fresh water. The clay fraction morphology in these soils is in
itself complex [Sposito, 1989], their geologic history and
the fine silt fraction may also play important roles.
49] If the two soils had behaved similarly then equation
(21) would predict that the value of B for the marine
samples of Kim et al. should be approximately 1/5 that of
the estuarine samples here. Instead, B for the marine
samples of Kim et al. is about 80% of the estuarine soils.
In bentonite slurries, B decreased by a f actor of only 1.7 for
a 37-fold increase in pore water electrolyte concentration,
much lower than expected from (18) [Smiles et al., 1985].
This posses a dilemma. It is well known that the model,
parallel-plate, clay systems in the laboratory follow closely
double-layer theory well [Israelachivili, 1985; Sposito,
1989; Kjellander et al., 1990; Quirk, 1994]. Perhaps in
slurries and materials with ‘‘card-house’’’’ clay structures,
the combination of edge and surface charges gives rise to
50] The expanding lattice clays in of these soils, under
suitable conditions, form expanded, gel-like structures held
together by long-range attractive forces. In these expanded
structures, clay platelets are arranged in a complex mixture
of face-to-face, edge-to-face and edge-to-edge configura-
tions [Van Olphen, 1964; Sposito, 1989; Quirk, 1994; de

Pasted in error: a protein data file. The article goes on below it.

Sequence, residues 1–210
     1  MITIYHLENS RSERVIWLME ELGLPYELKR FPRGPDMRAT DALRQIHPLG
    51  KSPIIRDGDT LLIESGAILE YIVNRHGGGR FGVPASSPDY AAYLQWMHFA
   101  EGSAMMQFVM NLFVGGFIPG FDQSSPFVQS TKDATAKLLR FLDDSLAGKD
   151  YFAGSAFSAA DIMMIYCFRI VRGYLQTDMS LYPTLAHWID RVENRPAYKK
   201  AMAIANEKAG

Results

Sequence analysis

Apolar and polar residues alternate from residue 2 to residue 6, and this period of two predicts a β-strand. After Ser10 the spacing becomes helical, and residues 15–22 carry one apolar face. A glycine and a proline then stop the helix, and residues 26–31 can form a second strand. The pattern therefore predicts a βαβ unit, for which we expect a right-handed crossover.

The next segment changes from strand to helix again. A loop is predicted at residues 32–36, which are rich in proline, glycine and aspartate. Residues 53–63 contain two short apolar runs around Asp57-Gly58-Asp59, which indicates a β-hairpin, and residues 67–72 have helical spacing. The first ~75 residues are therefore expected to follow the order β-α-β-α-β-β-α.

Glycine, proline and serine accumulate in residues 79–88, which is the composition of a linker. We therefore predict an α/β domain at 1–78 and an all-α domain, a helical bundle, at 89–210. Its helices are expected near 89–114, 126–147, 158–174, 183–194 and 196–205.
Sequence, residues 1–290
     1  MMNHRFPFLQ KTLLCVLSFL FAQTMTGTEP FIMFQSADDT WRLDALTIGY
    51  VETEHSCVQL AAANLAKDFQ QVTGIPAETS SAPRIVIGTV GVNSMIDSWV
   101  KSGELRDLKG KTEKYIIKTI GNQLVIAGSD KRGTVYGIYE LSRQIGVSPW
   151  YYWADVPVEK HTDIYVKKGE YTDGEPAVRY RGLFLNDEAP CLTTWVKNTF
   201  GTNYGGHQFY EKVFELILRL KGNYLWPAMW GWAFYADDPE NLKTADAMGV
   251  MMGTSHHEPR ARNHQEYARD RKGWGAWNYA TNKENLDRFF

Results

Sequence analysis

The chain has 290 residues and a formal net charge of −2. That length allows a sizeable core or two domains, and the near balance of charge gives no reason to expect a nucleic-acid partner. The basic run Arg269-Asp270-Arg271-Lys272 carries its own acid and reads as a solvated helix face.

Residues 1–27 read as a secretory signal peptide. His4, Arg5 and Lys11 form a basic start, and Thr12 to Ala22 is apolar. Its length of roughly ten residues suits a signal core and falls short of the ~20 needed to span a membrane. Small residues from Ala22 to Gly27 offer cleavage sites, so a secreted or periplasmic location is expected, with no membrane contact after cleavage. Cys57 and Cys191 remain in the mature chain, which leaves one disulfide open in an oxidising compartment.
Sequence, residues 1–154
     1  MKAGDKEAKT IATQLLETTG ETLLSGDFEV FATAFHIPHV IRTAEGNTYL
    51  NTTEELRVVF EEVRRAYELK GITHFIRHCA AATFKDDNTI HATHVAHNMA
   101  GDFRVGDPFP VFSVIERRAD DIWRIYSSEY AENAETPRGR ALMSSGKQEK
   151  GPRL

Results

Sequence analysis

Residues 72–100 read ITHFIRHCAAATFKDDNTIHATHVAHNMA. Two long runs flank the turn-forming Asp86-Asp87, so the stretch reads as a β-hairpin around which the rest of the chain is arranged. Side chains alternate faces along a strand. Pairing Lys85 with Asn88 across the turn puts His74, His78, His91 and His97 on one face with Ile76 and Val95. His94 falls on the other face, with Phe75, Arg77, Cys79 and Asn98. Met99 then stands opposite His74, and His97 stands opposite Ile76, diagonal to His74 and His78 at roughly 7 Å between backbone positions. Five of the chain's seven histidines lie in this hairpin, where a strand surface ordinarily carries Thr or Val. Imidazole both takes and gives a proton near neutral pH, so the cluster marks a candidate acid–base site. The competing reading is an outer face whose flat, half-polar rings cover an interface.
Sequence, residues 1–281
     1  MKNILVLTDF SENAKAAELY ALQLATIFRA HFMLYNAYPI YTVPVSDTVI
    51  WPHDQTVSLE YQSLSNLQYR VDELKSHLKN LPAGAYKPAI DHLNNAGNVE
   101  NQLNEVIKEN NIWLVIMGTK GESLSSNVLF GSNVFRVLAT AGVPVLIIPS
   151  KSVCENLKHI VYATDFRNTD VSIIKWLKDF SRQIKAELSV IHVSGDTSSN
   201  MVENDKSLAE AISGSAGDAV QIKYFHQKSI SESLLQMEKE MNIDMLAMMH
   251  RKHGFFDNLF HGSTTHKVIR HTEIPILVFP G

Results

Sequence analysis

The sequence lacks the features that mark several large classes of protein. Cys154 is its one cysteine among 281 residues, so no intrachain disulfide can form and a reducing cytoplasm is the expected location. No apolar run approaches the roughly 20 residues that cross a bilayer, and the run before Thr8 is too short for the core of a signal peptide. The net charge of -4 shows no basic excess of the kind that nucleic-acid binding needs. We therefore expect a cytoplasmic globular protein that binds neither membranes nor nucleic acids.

Krester et al., 1998]. Secondary minimum induced coagu-
lation results in long distance associations with hydrated
counter-ions taking up interlayer space [Sposito, 1989]. The
stability of these structures depends critically on the elec-
trolyte content of the pore water solution [Keren et al.,
1988], on the confining pressure and on shearing forces.
Increase in concentration of counter ions past a critical
concentration enables primary minimum aggregation, where
the strength of the face-face interactions increase and the
complete gel structure collapses. Dramatic, ‘‘quick-clay’’-
like changes in the rheological and physical properties of
these soils can occur when their pore water solution
compositions are altered or when stresses are applied,
causing the collapse of the gel-like structures [Rosenqvist,
1953, 1966; Lessard and Mitchell, 1985; Mitchell, 1986;
Luckham and Rossi, 1999].
51] Within the scatter of results here, no abrupt changes
in soil properties were observed with imposed stress. If,
however, the rearrangement of clay platelets under increas-
ing pressure does not follow a ‘‘self-similar’’ path, with a
progression of simple, geometrically scaled pore dimen-
sions during dewatering [Miller and Miller, 1956], K(y)
may not follow the 1/y
behavior expected from scaling
theory. It is clear that the nature of the K(y) relation for
saturated swelling soil systems an d the impact of soil
solution electrolyte concentration on require investigation.